Tuesday’s chemical attack by the Syrian regime is perfectly timed to highlight the impotence and weakness of the West and place further pressure on it to restore ties with Damascus.
Early Tuesday morning, warplanes carried out airstrikes on the town of Khan Sheikhoun in Idleb province using sarin nerve gas. Later, they fired rockets at local clinics treating the wounded, killing many more. At the time of writing, at least 58 Syrians are believed to have died.
The attack occurred the day the European Union hosts in Brussels a large international funding conference for Syria – which was initially supposed to focus on reconstruction but was scaled down – and as the U.S. administration is sending mixed signals with regards to its policy toward Syrian President Bashar al-Assad.
In other words, while the regime is sensing a gradual shift toward a restoration of ties, it knows the West is not there yet.
Thus, rather than making concessions or political gestures, the regime is further raising the stakes and the political cost for the West of not cooperating.
Assad knows that he has nothing to lose from carrying out the strikes. The EU is not yet ready to resume its ties anyway, while the United States is still hesitant. As to the outcry over the attack, at most it will last a few weeks, as it has been the case since 2011.
By committing large-scale massacres, the regime shows to the world the West’s impotence and weakness, delegitimizing all the political values it claims to be standing for. “You do not want to restore ties? I will kill more civilians and show the world how impotent and cowardly you are.”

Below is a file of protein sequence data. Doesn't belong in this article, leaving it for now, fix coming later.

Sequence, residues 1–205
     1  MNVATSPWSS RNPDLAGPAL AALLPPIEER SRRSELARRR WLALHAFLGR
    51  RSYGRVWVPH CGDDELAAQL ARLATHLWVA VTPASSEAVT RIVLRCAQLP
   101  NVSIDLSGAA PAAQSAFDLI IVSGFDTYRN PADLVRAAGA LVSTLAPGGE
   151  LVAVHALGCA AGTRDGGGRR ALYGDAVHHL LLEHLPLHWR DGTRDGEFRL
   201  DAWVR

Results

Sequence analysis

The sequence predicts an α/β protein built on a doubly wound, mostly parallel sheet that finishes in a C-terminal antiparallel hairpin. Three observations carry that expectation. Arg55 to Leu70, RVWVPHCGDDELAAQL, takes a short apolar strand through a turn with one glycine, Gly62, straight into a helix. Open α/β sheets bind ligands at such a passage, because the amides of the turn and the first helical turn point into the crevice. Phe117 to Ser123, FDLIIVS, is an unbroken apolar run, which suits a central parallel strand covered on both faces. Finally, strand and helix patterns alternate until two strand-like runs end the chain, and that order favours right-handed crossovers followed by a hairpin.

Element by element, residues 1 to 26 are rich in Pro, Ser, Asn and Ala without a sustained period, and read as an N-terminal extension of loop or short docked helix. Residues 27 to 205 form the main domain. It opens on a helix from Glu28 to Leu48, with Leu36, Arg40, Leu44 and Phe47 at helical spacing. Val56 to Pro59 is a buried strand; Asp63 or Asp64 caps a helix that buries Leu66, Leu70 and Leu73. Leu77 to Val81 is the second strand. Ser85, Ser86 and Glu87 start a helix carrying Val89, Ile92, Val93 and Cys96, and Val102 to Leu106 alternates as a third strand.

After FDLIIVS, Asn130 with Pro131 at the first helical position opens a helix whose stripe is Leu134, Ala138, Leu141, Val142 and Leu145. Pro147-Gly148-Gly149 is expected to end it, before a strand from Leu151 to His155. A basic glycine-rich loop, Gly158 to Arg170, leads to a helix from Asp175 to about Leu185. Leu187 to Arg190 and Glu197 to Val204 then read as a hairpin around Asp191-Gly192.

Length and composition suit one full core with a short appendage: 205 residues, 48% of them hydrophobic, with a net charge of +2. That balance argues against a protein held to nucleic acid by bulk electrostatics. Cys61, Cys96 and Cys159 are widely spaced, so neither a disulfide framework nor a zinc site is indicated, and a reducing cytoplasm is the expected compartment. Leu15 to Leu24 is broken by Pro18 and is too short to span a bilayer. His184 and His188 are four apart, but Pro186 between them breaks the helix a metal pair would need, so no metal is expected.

The more the attack is publicized the more the West is humiliated – hence the timing of the attack during the Brussels conference.
As soon as the outcry fades, pro-regime analysts, bureaucrats and politicians in the EU and U.S. will complete the regime’s job and push for restoring ties and accepting the regime's blackmail “for the sake of protecting Syrian civilians and improving their livelihood.”
Obviously, any restoration of ties and funding will not have much to do with the wellbeing of Syrians, but rather with the political credibility of the West.
Since former U.S. President Barack Obama’s green light in September 2013, Assad knows that a large-scale attack against its civilians is a short-term public relations liability but a long-term political asset.
In the next few months, as long as the West is not ready to acquiesce to the regime's demands, expect further spectacular massacres.
This article was edited by The Syrian Observer. Responsibility for the information and views set out in this article lies entirely with the author.